Late in Ink, Larry Lamb (Jonny Lee Miller), the editor of the Sun, asks his boss, “What does Rupert Murdoch want?” Murdoch (Bertie Carvel) demurs, talking instead about his love of hotels: “You can check in, turn it over, spill a glass of wine, take a shit in the toilet, fuck in the bed, make a mess and then leave. And someone else cleans it up after—isn’t that wonderful?” Lamb takes this as his boss’s philosophy: everything is discardable, “chip wrapping.” This goes hand-in-hand with his own revelation about the five Ws: why is the least important, since it falsely “suggests there’s a plan, that there is a point to things.” Murdoch, the Sun, Fox News, Donald Trump—there is no why.
The play itself, however, written by James Graham, does not offer so legible a worldview. Chronicling the early days of Murdoch’s media empire, Ink zeroes in on his purchase of the Sun and its notorious first year, which included a topless photograph and salacious stories about the kidnapping and murder of Muriel McKay, the wife of Murdoch’s own deputy, Alick McKay (a heartbreaking Colin McPhillamy). Admittedly, there is a lot to like here: the lighting design by Neil Austin favors highly stylized darkness and spotlights, giving us the impression we are watching Lamb and Murdoch through keyholes, and Bunny Christie’s set design is spectacular, largely made up of a pile of desks that ascends to the Friedman’s ceiling like a journalistic Iron Throne. Carvel is clearly having a blast playing Murdoch as a kind of globalist Mr. Burns, and his head is so consistently hunched that I genuinely worry for the actor’s long-term neck health. In a late conversation with Lamb, in which he tries to shift the blame for the degradation of the media that followed in the wake of the Sun, Carvel repeats the refrain, “You taught me that,” each time smirking and pointing at Lamb with his steak knife.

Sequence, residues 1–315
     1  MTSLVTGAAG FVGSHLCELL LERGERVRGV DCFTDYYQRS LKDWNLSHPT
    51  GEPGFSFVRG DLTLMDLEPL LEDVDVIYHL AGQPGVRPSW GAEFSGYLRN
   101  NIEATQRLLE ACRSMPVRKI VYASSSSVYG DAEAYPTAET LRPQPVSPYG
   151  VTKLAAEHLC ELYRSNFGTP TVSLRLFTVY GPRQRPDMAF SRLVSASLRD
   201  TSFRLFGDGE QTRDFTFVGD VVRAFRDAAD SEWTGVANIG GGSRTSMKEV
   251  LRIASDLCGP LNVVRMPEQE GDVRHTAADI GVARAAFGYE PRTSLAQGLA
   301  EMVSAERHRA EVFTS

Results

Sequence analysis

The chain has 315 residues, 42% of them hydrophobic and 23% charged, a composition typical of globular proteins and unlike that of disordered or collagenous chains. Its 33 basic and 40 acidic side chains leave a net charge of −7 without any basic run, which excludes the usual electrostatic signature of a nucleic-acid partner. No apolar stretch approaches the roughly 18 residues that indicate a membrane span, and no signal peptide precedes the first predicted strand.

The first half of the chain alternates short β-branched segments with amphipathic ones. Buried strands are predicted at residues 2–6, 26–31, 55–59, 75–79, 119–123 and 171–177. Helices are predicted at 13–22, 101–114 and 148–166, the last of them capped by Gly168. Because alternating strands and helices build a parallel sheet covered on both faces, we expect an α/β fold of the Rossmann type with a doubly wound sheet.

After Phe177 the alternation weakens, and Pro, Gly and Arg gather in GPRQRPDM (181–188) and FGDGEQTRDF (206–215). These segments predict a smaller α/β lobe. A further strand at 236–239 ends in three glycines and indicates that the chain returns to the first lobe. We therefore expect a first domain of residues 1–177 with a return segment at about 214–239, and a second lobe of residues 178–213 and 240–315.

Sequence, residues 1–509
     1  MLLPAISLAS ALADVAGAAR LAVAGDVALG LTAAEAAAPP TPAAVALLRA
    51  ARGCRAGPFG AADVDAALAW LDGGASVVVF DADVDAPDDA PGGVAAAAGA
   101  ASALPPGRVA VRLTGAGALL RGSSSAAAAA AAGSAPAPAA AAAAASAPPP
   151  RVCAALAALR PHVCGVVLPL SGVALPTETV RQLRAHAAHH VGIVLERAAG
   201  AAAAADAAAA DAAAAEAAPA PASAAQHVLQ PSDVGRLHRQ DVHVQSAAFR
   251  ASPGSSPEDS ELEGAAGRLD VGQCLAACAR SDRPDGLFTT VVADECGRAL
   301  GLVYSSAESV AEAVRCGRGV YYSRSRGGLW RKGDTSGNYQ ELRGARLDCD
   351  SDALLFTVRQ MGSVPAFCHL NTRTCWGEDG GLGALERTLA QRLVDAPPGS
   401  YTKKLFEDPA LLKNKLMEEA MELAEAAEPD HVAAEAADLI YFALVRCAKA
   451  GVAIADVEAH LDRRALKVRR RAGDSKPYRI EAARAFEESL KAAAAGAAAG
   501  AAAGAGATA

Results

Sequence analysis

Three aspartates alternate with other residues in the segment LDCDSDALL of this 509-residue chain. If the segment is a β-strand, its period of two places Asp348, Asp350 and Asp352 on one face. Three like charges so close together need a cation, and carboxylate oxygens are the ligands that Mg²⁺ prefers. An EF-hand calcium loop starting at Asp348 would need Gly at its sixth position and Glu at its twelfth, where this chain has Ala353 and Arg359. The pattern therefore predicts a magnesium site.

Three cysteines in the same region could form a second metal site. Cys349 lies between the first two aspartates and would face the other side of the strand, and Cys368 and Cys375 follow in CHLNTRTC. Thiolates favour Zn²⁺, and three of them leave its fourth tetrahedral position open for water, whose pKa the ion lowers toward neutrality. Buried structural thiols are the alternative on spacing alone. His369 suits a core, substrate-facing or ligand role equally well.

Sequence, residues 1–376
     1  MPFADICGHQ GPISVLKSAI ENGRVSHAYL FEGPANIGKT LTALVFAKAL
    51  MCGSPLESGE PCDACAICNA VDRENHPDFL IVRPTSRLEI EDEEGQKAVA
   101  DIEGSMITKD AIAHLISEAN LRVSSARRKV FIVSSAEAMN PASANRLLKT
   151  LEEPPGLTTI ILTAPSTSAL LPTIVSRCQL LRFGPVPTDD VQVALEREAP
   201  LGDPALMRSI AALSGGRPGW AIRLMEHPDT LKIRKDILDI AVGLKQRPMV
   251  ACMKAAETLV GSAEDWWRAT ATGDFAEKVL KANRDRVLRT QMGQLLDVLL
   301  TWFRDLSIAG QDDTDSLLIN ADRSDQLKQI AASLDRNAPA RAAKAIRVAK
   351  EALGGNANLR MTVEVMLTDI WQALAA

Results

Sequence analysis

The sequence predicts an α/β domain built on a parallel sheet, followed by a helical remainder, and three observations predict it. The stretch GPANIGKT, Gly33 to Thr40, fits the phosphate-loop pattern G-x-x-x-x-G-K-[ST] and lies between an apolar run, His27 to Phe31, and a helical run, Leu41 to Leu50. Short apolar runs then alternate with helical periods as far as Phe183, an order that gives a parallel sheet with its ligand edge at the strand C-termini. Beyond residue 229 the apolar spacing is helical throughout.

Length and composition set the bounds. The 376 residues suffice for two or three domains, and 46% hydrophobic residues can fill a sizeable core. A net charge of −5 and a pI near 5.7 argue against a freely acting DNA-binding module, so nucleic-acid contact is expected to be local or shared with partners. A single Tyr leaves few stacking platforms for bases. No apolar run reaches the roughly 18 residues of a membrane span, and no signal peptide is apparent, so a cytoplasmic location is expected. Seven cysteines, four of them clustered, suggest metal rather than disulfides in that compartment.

But Graham’s script does not quite know what to do with this pair. At times, it is Lamb who leads the charge to the bottom: when they first hear of Muriel’s kidnapping, for example, he pauses only momentarily before telling his photographer, “Oy … take your camera.” Murdoch, for whom McKay is one of only a very few personal friends, is sickened and doubtful of Lamb’s approach. But in succeeding and preceding scenes, the dynamic is reversed, and Murdoch plays corrupter to a skeptical Lamb. At their final dinner, in an unfortunate and pandering moment, he tells his editor that he is considering expanding into New York: “I’m thinking of buying a TV network over there.” The audience, proud to catch the reference, laughs appreciatively, and despite Lamb’s insistence on meaninglessness, this does suggest a master plan, a coherence to history, just one the play is uncurious to investigate. Perhaps this is because Graham can’t figure out who is Mephistopheles and who is Faust. The result is an unilluminating albeit entertaining mash-up of docudrama and Richard III.